Through The Looking Glass: CEDAW sessions within a hybrid model

For the first time since the pandemic began, the CEDAW Committee met with the opportunity for in-person participation of both state delegates and NGOs. #CEDAW82 took place from 13 June to 1 July 2022 at the United Nations in Geneva, Switzerland. The Committee carried out constructive dialogues with eight states: Azerbaijan, Bolivia, Mongolia, Morocco, Namibia, Portugal, Turkey, and the United Arab Emirates.

While CSOs do not take part in the formal state dialogue, they are given the opportunity to both present a public oral statement and privately brief the CEDAW Committee on key issues in women’s rights. The renewed presence of civil society organisations and grassroots activists was strongly felt. During the constructive dialogues, their physical presence was important to strengthening the chain of accountability for states’ CEDAW obligations, and to ensure treaty bodies’ responsiveness to the issues of women on the ground. Several members of the CEDAW Committee expressed gratitude for the return of civil society at CEDAW. Natasha Stott-Despoja tweeted “Just wonderful to have you in the room, supporting our work and keeping us all accountable”, summarising the importance of NGOs’ physical presence in UN treaty body processes.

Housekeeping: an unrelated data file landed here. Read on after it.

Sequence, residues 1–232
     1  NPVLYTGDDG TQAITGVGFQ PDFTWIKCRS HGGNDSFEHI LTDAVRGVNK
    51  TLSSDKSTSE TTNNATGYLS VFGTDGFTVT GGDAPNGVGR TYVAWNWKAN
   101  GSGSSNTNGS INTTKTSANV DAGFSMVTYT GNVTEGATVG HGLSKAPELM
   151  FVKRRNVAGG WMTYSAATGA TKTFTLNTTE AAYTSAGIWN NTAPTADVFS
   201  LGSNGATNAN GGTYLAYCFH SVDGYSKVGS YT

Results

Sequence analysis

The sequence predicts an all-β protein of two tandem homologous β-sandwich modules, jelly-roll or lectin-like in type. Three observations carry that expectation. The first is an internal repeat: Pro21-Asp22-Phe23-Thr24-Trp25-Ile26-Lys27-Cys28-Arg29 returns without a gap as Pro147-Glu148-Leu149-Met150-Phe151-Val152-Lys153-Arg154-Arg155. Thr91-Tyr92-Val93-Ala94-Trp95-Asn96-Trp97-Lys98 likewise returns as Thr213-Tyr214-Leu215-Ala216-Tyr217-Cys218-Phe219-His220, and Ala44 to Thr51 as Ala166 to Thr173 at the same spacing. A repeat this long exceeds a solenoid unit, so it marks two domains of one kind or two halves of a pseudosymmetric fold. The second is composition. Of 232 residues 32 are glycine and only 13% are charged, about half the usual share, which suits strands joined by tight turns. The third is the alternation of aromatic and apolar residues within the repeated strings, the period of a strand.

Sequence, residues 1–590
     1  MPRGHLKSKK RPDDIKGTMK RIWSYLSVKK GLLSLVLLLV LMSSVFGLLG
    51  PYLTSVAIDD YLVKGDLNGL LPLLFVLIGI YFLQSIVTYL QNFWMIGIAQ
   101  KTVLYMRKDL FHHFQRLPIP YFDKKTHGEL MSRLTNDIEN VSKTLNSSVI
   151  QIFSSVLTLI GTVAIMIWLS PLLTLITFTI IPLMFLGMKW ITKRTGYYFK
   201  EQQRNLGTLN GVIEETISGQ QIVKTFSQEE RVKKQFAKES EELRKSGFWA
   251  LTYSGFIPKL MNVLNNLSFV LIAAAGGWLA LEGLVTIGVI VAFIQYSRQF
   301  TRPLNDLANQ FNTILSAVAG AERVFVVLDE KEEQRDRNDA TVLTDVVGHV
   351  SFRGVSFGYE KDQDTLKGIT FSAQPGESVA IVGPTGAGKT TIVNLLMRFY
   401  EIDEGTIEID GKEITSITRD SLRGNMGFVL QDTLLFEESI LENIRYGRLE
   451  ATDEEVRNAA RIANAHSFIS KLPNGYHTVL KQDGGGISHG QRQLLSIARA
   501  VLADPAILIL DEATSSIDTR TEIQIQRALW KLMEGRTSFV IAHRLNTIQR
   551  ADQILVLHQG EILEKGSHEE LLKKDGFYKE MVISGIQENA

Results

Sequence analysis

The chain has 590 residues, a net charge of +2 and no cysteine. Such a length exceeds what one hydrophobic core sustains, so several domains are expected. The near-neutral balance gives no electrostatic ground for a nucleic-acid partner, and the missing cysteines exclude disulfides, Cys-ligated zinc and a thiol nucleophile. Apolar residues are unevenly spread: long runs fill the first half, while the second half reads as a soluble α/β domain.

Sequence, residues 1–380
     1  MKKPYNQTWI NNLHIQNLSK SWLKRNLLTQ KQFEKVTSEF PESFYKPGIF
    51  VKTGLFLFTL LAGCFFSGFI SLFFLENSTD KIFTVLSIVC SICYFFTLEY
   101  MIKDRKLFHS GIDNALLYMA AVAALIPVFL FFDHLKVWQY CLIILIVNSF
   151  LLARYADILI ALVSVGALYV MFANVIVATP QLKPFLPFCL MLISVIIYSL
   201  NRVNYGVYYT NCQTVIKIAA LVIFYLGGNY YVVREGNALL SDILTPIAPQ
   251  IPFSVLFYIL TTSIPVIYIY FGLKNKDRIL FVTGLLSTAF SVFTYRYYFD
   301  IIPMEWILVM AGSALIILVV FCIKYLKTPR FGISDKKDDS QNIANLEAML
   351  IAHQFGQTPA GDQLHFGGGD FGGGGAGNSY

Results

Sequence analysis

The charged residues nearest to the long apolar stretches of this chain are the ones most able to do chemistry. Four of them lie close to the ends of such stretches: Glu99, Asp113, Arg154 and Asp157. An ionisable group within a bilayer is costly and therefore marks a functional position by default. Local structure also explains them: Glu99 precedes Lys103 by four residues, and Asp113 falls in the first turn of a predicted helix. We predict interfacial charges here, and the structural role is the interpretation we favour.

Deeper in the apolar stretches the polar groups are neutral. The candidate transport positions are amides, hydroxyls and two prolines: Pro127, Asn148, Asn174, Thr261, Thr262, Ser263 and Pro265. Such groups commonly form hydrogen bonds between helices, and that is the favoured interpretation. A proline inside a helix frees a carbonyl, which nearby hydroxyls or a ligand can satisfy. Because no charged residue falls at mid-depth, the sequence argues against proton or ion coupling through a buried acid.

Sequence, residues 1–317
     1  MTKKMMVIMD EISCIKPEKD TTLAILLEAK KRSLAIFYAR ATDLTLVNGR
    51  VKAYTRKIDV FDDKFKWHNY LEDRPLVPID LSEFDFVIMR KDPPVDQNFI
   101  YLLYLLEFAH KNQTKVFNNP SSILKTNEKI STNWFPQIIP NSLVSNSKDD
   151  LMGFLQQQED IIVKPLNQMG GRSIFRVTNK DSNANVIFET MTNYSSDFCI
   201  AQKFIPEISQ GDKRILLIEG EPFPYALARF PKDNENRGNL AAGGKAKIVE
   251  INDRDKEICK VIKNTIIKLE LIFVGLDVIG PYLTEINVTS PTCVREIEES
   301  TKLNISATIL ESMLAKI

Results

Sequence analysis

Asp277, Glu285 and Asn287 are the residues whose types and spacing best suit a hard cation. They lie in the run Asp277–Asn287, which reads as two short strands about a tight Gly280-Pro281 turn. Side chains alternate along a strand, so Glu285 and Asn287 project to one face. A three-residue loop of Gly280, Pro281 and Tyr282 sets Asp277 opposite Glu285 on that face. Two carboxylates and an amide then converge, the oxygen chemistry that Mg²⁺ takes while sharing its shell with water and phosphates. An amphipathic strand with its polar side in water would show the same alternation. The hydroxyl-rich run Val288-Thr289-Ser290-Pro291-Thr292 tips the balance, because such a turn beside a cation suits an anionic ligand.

A group photo of women's rights activists from Azerbaijan, Namibia, Portugal and Turkey with members of the IWRAW Asia Pacific team.

Representatives of women’s rights organisations from Azerbaijan, Namibia, Portugal and Turkey at IWRAW AP’s CEDAW engagement and training programme, From Global to Local.